The 75th anniversary of Oxford’s oldest twin city link has been marked by the planting of a tree.

Oxford and Leiden in the Netherlands reached the landmark last year, but celebrations had to be postponed because of Covid.

The hornbeam tree was planted in Leiden last autumn and, in the absence of Oxford Lord Mayor Mark Lygo, was officially handed over to the Burgomaster, Henri Lenferink, by John Chipperfield, chairman of the Oxford-Leiden Link, and former assistant editor of the Oxford Mail.

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He and the Burgomaster then unveiled a plaque explaining the tree’s significance at a ceremony in Leiden’s Singel Park on Thursday.

Oxford Mail:

The visit to Leiden, the first by an Oxford party since 2019 because of Covid, also included Remembrance Day when the Dutch honour their war victims, and Liberation Day when they celebrate their freedom from German invaders at the end of the Second World War.

Mr Chipperfield laid the Lord Mayor’s Dutch-style floral wreaths at two war memorials, while Link members Gill and Bill Pinkerton, Malcolm Ryder and Mandy Keen laid traditional Poppy wreaths.

The chairman was again in action next day, joining the Burgomaster on a two-hour civic walk around Singel Park after they had welcomed a team of flame-carrying athletes who had run overnight from Wageningen, where the Germans surrendered in 1945.

Oxford Mail:

It was the first time for many years that the Lord Mayor had not joined the visit to Leiden.

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One reason for his absence was that he was needed for election duties.

In March he was criticised for flying to Grenoble in France for a climate change conference.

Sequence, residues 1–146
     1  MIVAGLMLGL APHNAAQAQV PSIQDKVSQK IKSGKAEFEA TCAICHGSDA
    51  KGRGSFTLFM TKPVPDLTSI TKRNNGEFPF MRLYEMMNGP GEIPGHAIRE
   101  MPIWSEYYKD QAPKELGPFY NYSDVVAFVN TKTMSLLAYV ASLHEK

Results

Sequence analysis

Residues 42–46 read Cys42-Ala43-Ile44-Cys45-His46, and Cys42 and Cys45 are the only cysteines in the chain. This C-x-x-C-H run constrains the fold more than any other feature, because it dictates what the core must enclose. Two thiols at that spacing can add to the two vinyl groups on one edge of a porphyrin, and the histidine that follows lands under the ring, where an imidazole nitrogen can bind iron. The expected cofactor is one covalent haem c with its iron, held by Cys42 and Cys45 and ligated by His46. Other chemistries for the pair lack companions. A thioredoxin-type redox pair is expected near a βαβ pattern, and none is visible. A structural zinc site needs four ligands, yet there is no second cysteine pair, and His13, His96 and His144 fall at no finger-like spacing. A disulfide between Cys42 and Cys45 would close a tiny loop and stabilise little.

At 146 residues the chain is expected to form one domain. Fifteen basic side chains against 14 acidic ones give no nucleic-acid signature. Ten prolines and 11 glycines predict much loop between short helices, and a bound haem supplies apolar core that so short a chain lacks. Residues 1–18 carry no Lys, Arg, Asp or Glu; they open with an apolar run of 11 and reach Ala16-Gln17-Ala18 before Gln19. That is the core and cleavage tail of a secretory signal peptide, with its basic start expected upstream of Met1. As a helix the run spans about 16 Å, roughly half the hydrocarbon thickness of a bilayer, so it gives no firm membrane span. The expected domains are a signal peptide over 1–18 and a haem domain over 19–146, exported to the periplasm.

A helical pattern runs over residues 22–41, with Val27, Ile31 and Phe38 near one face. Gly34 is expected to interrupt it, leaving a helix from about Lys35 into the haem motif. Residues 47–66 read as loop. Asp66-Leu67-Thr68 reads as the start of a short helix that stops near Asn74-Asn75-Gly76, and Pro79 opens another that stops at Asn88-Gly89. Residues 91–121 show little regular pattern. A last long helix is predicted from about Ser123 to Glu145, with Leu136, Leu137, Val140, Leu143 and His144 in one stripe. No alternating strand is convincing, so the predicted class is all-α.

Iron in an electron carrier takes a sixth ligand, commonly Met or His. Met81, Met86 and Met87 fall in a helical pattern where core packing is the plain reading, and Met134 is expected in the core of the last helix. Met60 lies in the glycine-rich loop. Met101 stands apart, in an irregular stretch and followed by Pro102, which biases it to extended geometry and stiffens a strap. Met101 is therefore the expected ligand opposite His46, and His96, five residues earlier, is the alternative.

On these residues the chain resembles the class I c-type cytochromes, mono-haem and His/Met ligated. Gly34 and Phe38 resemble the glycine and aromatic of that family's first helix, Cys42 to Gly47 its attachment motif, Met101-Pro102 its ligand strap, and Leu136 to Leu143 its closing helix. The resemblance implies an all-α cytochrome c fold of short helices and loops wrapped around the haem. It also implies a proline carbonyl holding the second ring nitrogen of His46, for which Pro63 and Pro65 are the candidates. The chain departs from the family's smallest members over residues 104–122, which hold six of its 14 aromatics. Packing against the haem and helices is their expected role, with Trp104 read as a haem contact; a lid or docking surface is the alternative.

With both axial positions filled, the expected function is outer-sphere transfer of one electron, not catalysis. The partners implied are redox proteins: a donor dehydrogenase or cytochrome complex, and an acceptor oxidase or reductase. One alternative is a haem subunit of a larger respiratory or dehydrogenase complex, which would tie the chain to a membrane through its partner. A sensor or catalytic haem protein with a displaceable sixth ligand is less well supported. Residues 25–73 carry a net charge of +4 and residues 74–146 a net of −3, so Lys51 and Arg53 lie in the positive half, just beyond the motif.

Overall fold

Mr Chipperfield said: “We were disappointed that the Lord Mayor could not join us as he has been a strong supporter of our Link in his 18 months in office, but we managed to cover all his engagements in Leiden.”

Oxford Mail:

The Oxford-Leiden Link was formed in 1946 as the countries of Europe rebuilt friendships after six years of war.

The two cities were considered suitable as twins because both had universities, were about the same size and featured rivers, canals and waterways.

Although Bath and Alkmaar in the Netherlands started their friendship earlier, they had a break in the 1980s, making Oxford-Leiden England’s longest continuous twin city link.

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Oxford Mail:

Thousands of Oxonians and Leidenaars, representing many sports and interests, have taken part in exchanges over the years.

During last week’s visit, plans were finalised for the visit to Oxford of the Amigo brass band from Leiden, which will perform in Leiden Square in the Westgate Centre on Saturday, May 28 from 11am and at the Oxford Botanic Garden from 2.30pm.

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